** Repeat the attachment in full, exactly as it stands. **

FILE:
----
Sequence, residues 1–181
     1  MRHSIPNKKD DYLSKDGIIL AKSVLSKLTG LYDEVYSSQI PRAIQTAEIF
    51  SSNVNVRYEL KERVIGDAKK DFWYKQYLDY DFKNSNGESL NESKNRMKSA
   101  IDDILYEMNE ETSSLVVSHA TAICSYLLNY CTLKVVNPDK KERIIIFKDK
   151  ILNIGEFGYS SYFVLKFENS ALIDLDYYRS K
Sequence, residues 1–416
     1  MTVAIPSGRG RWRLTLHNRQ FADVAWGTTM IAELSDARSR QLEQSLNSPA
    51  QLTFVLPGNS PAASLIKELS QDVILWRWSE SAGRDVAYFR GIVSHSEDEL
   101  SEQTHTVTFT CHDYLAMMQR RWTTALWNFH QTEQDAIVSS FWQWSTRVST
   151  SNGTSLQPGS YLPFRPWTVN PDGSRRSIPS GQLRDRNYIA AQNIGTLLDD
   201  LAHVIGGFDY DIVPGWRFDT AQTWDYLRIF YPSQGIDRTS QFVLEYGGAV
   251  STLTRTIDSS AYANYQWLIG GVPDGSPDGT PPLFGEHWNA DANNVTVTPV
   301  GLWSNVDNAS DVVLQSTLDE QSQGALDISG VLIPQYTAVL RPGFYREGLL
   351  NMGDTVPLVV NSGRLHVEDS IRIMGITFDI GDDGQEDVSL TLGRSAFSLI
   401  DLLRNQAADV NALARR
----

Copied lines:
Sequence, residues 1–181
     1  MRHSIPNKKD DYLSKDGIIL AKSVLSKLTG LYDEVYSSQI PRAIQTAEIF
    51  SSNVNVRYEL KERVIGDAKK DFWYKQYLDY DFKNSNGESL NESKNRMKSA
   101  IDDILYEMNE ETSSLVVSHA TAICSYLLNY CTLKVVNPDK KERIIIFKDK
   151  ILNIGEFGYS SYFVLKFENS ALIDLDYYRS K
Sequence, residues 1–416
     1  MTVAIPSGRG RWRLTLHNRQ FADVAWGTTM IAELSDARSR QLEQSLNSPA
    51  QLTFVLPGNS PAASLIKELS QDVILWRWSE SAGRDVAYFR GIVSHSEDEL
   101  SEQTHTVTFT CHDYLAMMQR RWTTALWNFH QTEQDAIVSS FWQWSTRVST
   151  SNGTSLQPGS YLPFRPWTVN PDGSRRSIPS GQLRDRNYIA AQNIGTLLDD
   201  LAHVIGGFDY DIVPGWRFDT AQTWDYLRIF YPSQGIDRTS QFVLEYGGAV
   251  STLTRTIDSS AYANYQWLIG GVPDGSPDGT PPLFGEHWNA DANNVTVTPV
   301  GLWSNVDNAS DVVLQSTLDE QSQGALDISG VLIPQYTAVL RPGFYREGLL
   351  NMGDTVPLVV NSGRLHVEDS IRIMGITFDI GDDGQEDVSL TLGRSAFSLI
   401  DLLRNQAADV NALARR